Now, if I was living in a garage, I would be on like 5 forms of birth control - including "we're not having sex until we get a real house or apartment" followed by 4 other forms.  Apparently, I'm crazy because the family happily admits that two children were conceived and born while living in the garage.  That pushes the minimum square footage to 1150 feet - but I'm more horrified at the idea of adding two newborns sequentially to a garage home.   The family mentions that the time they lived in the garage was extended because of unexpected building costs and high medical bills.  I wonder how much of those medical bills were due to two labor and deliveries; childbirth is expensive even when everything goes perfectly.

In terms of exits, the garage did have two external doors that were not garage doors.  Assuming the drawing provided by the family was reasonably accurate, the garage was not compliant in terms of emergency window egresses from the bedrooms.  Personally, I'd be very worried about exiting from the kids' bedroom in case of a fire.  There was one small window, an internal exit towards the main area of the garage and an external exit across the room where the washer, dryer and hot water heater were located.  If anything happened involving the washer, dryer or hot water heater, the kids' fastest exit would be compromised. 

Speaking of the garage doors, the "front" of the garage included a large standard garage door.  This threw me a bit at first; why would a family waste that much wall space on a garage door when they were making plans like building 10 foot ceilings on the garage to make it a workable future temporary home?  Then I remembered - the local tax authority would notice in real time if a family wanted to build a second home on a plot.  Silly me and my beliefs about obeying civil codes and taxation.

Really, the author of post sums it up better than I can.  The 5+ years of living in the garage are great in hindsight.   Looking back at my life, I have a lot of memories that are far more fun in hindsight than they were at the time.  After all, memories allow me to enjoy the fun, exciting or satisfying bits without reliving the pain, frustration or tedium.  For example, I chaperoned a group of teens on a mission trip to Beaver Island when I was around 26.  I had lots of fun on the trip - but I also broke my tailbone early in the trip, one of the other chaperones was having what I can only describe as an untreated manic episode, and I was going on slightly less than 5 hours of sleep a night for over a week.   My memories are of teaching my small group to pain sets and watching sunsets over the lake - not the pain of hiking miles each day with a light pack with a broken tailbone.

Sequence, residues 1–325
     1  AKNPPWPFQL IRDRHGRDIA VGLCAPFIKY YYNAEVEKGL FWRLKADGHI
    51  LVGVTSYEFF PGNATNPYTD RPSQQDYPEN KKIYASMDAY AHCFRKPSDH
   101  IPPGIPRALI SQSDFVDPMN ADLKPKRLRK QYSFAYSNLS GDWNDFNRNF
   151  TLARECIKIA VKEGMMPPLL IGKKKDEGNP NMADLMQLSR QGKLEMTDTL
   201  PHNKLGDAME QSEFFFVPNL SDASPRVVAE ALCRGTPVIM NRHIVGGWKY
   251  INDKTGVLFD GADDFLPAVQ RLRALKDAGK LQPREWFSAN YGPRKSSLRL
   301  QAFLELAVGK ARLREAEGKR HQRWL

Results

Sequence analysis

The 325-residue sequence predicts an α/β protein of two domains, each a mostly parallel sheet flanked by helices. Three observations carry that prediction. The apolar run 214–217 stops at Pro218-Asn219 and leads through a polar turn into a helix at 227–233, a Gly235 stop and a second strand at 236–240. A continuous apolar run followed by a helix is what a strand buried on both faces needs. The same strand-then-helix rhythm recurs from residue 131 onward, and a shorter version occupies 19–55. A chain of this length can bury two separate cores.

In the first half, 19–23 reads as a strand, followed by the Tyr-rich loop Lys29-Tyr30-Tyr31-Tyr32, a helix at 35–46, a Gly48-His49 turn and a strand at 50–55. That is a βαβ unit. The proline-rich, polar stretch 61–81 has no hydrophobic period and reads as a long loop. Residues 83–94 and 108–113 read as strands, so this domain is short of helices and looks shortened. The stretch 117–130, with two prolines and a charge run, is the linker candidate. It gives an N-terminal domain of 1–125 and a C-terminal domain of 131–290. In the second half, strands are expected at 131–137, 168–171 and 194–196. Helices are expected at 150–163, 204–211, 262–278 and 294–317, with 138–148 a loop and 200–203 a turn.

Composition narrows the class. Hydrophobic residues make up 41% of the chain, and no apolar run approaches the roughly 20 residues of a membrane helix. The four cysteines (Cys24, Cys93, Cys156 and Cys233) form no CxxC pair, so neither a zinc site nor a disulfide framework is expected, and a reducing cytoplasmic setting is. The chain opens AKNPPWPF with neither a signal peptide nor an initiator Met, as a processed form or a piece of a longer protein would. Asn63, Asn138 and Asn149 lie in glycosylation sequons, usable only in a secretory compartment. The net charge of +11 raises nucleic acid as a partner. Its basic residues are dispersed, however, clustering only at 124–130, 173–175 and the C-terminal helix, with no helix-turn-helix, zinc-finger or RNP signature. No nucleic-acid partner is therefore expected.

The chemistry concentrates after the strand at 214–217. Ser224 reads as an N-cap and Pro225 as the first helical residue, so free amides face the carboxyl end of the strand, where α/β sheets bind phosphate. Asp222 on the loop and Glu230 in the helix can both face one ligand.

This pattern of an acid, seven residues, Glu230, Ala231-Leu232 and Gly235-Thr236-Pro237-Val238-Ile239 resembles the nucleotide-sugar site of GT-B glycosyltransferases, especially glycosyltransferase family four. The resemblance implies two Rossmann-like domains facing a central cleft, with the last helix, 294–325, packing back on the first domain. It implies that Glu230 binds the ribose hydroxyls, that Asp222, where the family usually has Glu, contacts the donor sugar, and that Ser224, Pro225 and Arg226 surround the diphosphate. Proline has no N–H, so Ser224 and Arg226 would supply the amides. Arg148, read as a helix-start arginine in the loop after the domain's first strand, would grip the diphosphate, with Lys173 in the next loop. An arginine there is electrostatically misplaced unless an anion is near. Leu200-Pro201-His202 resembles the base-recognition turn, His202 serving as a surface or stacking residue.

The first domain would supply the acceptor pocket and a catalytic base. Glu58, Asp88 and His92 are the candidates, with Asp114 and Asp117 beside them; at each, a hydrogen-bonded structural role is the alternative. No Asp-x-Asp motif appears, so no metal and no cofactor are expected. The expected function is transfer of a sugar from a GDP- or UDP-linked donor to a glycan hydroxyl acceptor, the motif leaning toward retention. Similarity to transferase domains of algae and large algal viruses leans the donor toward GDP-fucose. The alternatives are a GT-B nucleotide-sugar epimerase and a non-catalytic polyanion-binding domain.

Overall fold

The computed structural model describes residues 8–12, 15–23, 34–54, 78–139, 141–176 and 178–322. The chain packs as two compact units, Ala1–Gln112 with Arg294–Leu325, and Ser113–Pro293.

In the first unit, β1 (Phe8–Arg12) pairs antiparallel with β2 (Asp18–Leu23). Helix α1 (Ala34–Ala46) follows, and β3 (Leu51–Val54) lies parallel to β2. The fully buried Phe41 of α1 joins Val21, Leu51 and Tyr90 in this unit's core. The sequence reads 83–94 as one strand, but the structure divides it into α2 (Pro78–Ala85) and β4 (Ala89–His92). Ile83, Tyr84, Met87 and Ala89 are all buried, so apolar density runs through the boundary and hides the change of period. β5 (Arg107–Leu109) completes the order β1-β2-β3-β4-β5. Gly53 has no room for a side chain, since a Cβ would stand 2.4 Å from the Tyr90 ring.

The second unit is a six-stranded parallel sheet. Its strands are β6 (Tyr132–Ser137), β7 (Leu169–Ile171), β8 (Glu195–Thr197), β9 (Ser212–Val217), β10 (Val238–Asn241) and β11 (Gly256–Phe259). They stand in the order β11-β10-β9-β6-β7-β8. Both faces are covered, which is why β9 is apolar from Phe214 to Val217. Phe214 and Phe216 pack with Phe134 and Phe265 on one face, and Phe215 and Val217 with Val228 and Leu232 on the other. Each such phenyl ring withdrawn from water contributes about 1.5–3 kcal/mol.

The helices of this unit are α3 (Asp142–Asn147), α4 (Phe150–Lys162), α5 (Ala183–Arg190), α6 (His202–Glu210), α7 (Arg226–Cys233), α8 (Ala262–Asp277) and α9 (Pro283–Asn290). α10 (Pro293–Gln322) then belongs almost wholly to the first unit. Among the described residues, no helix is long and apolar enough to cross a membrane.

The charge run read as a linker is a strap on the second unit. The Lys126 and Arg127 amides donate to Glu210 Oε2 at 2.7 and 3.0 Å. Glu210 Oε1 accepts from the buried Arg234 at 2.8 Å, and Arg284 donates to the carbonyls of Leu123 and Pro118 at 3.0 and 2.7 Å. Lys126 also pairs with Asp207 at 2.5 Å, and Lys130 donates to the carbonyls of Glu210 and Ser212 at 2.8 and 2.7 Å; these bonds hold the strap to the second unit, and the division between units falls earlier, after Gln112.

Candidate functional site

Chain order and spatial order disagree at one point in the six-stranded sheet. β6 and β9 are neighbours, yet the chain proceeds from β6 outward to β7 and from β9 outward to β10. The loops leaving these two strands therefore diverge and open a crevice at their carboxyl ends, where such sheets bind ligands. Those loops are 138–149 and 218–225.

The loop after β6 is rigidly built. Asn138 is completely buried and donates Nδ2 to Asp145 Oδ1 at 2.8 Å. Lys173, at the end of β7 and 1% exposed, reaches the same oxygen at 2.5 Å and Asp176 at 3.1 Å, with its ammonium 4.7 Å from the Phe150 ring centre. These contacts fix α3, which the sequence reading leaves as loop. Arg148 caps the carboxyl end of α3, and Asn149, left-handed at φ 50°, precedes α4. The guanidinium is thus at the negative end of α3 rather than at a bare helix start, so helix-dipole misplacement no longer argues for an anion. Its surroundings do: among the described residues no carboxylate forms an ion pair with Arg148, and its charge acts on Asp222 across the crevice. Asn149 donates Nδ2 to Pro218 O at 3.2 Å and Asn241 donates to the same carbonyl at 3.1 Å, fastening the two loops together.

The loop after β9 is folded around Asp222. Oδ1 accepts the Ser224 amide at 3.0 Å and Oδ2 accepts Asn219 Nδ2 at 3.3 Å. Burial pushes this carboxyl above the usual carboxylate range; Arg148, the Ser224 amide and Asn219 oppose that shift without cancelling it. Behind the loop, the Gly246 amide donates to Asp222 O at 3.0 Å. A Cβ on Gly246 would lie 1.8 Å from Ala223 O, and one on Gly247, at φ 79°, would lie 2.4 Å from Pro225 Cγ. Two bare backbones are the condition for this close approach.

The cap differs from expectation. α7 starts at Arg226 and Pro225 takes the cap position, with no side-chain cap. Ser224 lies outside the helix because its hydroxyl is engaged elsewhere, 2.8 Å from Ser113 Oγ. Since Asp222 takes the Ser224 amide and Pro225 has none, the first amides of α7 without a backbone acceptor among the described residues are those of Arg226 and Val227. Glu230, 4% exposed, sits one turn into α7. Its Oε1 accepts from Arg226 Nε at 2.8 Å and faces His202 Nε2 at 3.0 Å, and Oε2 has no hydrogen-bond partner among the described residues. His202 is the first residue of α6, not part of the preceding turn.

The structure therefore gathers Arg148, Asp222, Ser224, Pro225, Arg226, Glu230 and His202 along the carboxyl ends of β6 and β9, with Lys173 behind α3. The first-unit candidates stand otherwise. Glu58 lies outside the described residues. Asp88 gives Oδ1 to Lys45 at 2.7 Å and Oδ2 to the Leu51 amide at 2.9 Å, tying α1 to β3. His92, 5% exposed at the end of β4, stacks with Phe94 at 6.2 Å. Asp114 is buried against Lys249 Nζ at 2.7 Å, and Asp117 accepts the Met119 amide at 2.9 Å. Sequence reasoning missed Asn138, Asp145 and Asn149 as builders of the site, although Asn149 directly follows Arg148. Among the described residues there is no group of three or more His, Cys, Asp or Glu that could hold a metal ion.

Be cautious of taking advice from people who enjoyed an experience only in hindsight.

Friday, October 12, 2018

Making Great Conversationalists: Chapter 10 - Part Three

Subbing for a few middle school classrooms last week brought back memories of how new, wonderful and completely exasperating the waves of adolescent emotion are.  Watching and dealing with pre-teens and young teenagers was rather tiring for me - but that's nothing compared to the exhaustion that comes from managing the sudden thirst for independence that hits right around the time that young people first look at another person in their age group and think, "I really want to kiss them!"  One of my strongest memories was of a substitute teacher we often had.  Most of the other students didn't like her because she was rather strict, but I liked her because she generally brought a knitting or crocheting project to keep her hands busy.  In other words, pre-teen Mel saw a kindred spirit.   One of my compatriots asked her if she missed being in junior high.  Without missing a stitch, she laughed and said "Never.  No one could pay me enough to be a junior high school student again. I know well meaning people are always telling you that you have it made - no job, free schooling, no worries - but I found junior high to be one of the most frustrating and least enjoyable experiences of my life.  High school was better.  College was much better - but being an employed adult was far better than any of those times."   Hearing that was such a relief to me!  I wanted to do more, to know more, to be more - but I didn't know if I was ever going to feel less haphazard, lost and angst-ridden.  What if the rest of my life I kept feeling like I did at 11 or 12 or 13 - but picked up more responsibilities?  Would I ever be able to talk to a boy without turning beet-red and alternating between awkward silence and a torrent of words?  Would a boy ever like me?  Would I find a boy that I liked - and who liked me?